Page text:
Despite being a common hearing health condition, there’s still much we don't know and understand about tinnitus – including exactly what causes it. However, there are a few common contributing factors, such as:
Too much earwax can block your ear canal, which can affect your hearing and eardrum, and cause tinnitus.
Injuries to or infections in your outer or middle ear can result in a ruptured eardrum, and this can cause tinnitus.
You might experience temporary tinnitus as a result of an infection in your middle ear, as the increased amount of fluid can affect your hearing. Your tinnitus should ease once the infection has cleared up.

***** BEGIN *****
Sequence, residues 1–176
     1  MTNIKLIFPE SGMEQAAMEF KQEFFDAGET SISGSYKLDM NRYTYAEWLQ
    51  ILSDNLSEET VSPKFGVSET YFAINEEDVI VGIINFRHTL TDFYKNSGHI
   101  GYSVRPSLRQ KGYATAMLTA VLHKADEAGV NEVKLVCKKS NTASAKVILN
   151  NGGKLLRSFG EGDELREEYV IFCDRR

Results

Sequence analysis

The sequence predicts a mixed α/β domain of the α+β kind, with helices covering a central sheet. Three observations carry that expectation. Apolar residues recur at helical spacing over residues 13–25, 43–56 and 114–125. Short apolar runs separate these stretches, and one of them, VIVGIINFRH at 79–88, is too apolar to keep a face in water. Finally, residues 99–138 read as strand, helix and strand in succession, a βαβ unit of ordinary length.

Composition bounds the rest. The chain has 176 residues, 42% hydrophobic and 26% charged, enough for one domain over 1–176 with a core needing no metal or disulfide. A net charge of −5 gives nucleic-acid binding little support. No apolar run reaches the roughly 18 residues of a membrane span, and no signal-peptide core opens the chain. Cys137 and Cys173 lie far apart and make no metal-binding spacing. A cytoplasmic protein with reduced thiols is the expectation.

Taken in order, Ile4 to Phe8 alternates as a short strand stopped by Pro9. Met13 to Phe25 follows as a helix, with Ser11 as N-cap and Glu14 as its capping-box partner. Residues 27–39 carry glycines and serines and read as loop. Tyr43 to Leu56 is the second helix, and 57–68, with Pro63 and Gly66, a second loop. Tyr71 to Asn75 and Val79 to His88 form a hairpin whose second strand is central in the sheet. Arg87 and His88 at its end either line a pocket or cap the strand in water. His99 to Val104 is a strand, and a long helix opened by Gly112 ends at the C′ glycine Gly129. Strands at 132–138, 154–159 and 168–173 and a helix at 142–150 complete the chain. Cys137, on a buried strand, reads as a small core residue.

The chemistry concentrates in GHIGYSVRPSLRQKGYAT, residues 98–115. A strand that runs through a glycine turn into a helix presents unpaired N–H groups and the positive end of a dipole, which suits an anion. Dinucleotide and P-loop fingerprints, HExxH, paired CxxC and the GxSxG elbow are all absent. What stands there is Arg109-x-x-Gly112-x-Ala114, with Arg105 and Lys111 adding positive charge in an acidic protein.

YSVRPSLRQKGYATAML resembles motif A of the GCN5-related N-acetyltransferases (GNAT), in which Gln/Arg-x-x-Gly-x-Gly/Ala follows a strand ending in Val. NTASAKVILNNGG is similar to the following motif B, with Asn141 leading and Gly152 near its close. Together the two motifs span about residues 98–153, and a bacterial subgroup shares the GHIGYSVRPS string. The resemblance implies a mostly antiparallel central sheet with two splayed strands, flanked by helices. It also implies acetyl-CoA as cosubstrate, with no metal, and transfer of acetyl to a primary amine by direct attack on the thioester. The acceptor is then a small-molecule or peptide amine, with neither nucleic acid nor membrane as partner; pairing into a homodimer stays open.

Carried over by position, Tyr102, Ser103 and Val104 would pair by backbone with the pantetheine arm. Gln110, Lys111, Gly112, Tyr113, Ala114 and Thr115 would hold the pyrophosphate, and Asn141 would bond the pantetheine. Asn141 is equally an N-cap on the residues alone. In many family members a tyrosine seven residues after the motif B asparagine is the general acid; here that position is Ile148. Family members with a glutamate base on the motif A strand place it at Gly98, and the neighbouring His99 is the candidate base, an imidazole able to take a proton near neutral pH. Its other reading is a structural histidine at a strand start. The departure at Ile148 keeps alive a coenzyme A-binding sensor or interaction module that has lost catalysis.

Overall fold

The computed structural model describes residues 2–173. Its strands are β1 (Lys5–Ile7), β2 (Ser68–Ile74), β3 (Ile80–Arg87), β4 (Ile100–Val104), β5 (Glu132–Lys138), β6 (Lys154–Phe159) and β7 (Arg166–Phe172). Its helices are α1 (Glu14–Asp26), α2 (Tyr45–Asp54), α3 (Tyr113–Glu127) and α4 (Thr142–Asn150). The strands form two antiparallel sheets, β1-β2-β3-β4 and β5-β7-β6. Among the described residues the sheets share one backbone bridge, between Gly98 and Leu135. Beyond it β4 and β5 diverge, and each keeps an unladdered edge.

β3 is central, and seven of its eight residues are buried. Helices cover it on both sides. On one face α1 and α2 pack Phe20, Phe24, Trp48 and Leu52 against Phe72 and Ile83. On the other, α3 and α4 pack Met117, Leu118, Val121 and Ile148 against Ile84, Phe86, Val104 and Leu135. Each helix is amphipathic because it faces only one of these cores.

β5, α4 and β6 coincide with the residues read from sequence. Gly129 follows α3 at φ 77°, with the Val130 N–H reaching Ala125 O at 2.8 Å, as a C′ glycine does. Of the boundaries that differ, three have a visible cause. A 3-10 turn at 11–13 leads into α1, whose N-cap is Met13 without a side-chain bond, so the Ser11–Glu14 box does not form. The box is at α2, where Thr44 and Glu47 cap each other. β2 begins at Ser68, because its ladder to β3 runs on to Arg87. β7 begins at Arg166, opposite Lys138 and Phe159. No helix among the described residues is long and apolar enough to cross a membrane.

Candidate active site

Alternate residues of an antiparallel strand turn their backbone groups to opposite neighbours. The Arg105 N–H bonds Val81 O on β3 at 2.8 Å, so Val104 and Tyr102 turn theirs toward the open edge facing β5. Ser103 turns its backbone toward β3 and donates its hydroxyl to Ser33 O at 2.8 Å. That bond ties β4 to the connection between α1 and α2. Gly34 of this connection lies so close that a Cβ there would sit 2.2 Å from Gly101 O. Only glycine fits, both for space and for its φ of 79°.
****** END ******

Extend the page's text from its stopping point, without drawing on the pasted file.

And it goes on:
Some medicines, such as antibiotics, aspirin, chemotherapy medication and non-steroidal anti-inflammatory drugs (NSAIDs) can cause tinnitus.
- Prolonged exposure to loud noise
Listening to music at too high a volume, as well as sirens, machinery and traffic can all cause tinnitus if you’re exposed for a long period of time.
Often caused by an ear infection, this growth of skin cells collects behind the eardrum, and can lead to hearing loss and tinnitus.
Diseases and conditions such as multiple sclerosis and cancers in the throat, nose or brain can cause tinnitus that usually only affects one ear (unilateral tinnitus).
This disease can cause a build-up of fluid in your inner ear, which can result in tinnitus, as well as dizziness and hearing loss.
Some of these causes are temporary, and your tinnitus should subside a few days after your exposure, infection or condition has eased. However, if your symptoms are severe and persist for longer than a few days, make sure you speak to your GP or a hearing healthcare professional.